Basic woodworking question

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beguinebuilder
Posts: 1
Joined: Mon Aug 17, 2020 12:38 pm

Basic woodworking question

Post by beguinebuilder »

Hello,

I’ve got a couple basic questions about how to cut and glue the best way possible for this project. I’ve done some simple woodworking—just knocking stuff together around the garage, simple work tables, projects around the yard, nothing that needs to fly. Cut to fit, add glue, screw/nail it.

For airplane parts, if you cut a piece perfect and it fits together with everything else, just glue it. But if it needs tweaking, can you sand it to fit? I’ve heard that can make the joint weak. Should you not sand at all and just get new material and do better next cut? Or if you have to sand a joint to fit are there steps to take to clean it before you glue it?

When you use the plywood for gussets, I’ve heard you should sand the sheen off. Is that literally all the more it needs, just a little bit to dull the surface? Doesn’t that fill the plywood with dust? Do you clean out the grooves before you glue it?

When you make a joint like a rib intersection, and some of the pieces are maybe a tiny little bit different thickness than the others, do you sand the area where the gusset goes so it will lay down flat? Like above, if you do, do you clean it afterward, before you glue the gusset?

Last thing...I’ll probably go old school and use nails like back in the day. Is it hard to nail the gussets without them sliding around on you?

Maybe this stuff should be a no-brainer, still have the questions though. Thanks, Will
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taildrags
Posts: 436
Joined: Tue Mar 07, 2017 10:39 pm

Re: Basic woodworking question

Post by taildrags »

Will; I'm very surprised that no one has stepped up to address your questions yet. I'm no expert when it comes to woodworking, but your questions don't require deep knowledge of woodworking to address, especially when it comes to building an Air Camper. I may take a swing at it if no one else does in a day or two.

Oscar Zuniga
Medford, OR
Air Camper NX41CC, A75 power
tom kreiner
Posts: 62
Joined: Sat Feb 25, 2017 9:49 am

Re: Basic woodworking question

Post by tom kreiner »

Will,

Lets do some simple math...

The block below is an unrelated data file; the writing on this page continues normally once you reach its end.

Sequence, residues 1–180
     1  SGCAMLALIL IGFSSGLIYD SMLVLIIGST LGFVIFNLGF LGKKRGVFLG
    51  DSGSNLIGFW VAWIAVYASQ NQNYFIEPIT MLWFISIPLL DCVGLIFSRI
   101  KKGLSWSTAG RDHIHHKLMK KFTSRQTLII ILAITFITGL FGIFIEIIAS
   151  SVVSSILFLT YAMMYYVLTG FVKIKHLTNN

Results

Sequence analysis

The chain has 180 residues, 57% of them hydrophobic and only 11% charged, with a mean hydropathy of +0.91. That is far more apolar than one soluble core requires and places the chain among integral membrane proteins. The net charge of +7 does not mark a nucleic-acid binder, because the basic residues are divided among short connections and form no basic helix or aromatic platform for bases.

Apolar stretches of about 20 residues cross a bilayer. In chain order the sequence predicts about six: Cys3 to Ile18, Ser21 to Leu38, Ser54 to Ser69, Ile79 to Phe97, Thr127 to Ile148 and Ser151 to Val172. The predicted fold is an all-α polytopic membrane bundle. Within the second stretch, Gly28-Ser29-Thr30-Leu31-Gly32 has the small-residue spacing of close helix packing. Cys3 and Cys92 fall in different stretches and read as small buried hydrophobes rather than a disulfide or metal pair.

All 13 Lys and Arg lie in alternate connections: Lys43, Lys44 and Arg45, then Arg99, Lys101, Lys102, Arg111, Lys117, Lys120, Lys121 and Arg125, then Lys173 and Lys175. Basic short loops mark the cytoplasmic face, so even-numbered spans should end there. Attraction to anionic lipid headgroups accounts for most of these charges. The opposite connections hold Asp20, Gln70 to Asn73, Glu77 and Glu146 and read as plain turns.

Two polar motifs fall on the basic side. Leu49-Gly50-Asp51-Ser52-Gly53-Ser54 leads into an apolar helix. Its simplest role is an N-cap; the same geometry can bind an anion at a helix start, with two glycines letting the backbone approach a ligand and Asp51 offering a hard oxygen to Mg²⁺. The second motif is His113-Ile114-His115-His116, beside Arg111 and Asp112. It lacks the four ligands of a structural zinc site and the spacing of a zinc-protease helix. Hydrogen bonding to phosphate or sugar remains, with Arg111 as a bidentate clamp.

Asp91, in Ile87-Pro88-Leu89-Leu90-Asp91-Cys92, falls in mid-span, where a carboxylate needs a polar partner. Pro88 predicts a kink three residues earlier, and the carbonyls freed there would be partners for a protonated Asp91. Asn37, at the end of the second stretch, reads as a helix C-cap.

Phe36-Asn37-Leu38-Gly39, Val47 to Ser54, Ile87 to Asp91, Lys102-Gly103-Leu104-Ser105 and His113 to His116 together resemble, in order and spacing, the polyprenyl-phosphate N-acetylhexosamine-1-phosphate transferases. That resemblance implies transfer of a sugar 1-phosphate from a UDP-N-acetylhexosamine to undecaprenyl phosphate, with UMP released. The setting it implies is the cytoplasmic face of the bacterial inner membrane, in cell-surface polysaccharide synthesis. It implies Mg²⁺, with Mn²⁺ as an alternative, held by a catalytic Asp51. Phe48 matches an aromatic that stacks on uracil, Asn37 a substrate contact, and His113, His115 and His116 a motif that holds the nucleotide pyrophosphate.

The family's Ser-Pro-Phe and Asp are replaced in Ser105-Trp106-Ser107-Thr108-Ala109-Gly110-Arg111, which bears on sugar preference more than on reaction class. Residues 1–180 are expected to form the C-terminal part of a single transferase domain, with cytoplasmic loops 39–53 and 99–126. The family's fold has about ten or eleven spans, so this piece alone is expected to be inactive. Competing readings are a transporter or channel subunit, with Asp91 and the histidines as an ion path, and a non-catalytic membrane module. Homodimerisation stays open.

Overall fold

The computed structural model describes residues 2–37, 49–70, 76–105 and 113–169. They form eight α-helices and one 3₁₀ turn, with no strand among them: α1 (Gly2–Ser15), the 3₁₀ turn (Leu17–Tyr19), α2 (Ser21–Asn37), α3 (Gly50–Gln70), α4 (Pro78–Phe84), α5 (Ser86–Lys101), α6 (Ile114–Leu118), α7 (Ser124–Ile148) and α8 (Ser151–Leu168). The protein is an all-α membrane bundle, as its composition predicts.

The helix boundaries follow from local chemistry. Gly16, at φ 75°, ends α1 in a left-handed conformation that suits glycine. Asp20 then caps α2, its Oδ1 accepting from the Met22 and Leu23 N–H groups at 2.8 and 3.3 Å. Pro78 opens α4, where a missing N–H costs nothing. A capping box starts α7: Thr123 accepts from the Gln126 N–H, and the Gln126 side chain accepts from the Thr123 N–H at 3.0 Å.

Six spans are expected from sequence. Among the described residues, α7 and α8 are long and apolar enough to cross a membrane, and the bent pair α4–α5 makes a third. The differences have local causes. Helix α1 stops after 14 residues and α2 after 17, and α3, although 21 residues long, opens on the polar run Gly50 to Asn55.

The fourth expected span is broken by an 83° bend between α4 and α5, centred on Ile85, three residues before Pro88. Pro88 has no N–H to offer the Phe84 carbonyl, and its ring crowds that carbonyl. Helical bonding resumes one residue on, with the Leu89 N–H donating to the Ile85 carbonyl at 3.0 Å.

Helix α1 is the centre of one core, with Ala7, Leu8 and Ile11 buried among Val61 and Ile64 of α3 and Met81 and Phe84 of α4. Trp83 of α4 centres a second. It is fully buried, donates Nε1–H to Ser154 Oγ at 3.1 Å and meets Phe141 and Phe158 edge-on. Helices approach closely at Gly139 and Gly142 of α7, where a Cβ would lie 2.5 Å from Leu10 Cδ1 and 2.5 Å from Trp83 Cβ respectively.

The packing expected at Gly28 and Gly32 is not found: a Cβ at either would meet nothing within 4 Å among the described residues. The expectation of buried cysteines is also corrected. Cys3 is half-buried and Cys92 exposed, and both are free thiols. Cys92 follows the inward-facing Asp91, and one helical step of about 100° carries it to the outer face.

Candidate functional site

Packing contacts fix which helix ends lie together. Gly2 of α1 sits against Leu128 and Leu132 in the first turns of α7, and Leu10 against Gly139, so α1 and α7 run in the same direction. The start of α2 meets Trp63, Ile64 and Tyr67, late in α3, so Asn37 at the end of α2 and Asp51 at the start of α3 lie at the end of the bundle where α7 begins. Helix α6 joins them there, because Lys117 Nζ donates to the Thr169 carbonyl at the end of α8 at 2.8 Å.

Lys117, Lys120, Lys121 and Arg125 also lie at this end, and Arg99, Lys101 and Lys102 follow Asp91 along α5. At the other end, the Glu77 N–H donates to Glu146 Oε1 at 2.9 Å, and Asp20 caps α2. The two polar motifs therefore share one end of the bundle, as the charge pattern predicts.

In the case of a simple joint - perfectly fitted, the bond area of the two pieces would be the area of the end of a truss piece as it fits against the cap strip.

For the Piet, both capstrip and truss piece are .25 x .50 inches, giving us a bond area of .125 sq. inches. That would work until such time as a rather high load were imposed at which time the bond would break.

When the same joint is loosely made - that is with imperfect fitting i.e. a gap - the gusset, which, let's say measures 2 in. x 1 in. rectangular, will have a bond line of 2 x .25 + 1 x .25 equal to 3 x .25 which is .75 square inches.

If my math is right, this is 6 times or 600% larger than the perfectly fitted pieces. Because we have gussets on both sides, we double that giving the joint 1200% greater bond area. So, the REAL strength of a gusseted joint is in the total glue line area.

Fitting the joint with up to a .020 disparity in thickness should not be a problem, although when prepping the materials, a saw can be set to cut all of the capstrips at one time, thereby giving them the same dimensions +/- maybe 8 to 15 thousands of an inch, depending on skill and setup.

If the goal is to make each step of the construction of the airplane perfect, you'll NEVER complete it. Remember, Perfection is the ENEMY of Completion.

As far as staples and nails are concerned, the job gets pretty messy when you do this, but many have tried and succeeded. Some guys have developed very nice jigs which are equipped with hold downs, etc., to affix the gussets during cure of the epoxy.

Sanding the plywood and cleaning up certainly won't hurt, and some have recommended it. Personally, I don't think sanding improved significantly, but it won't hurt, either. BTW - a little sawdust won't hurt the joint.

Take a look at West Coast Piet to see how some other builders have made their ribs, it's well worth the time reviewing what we have all learned.
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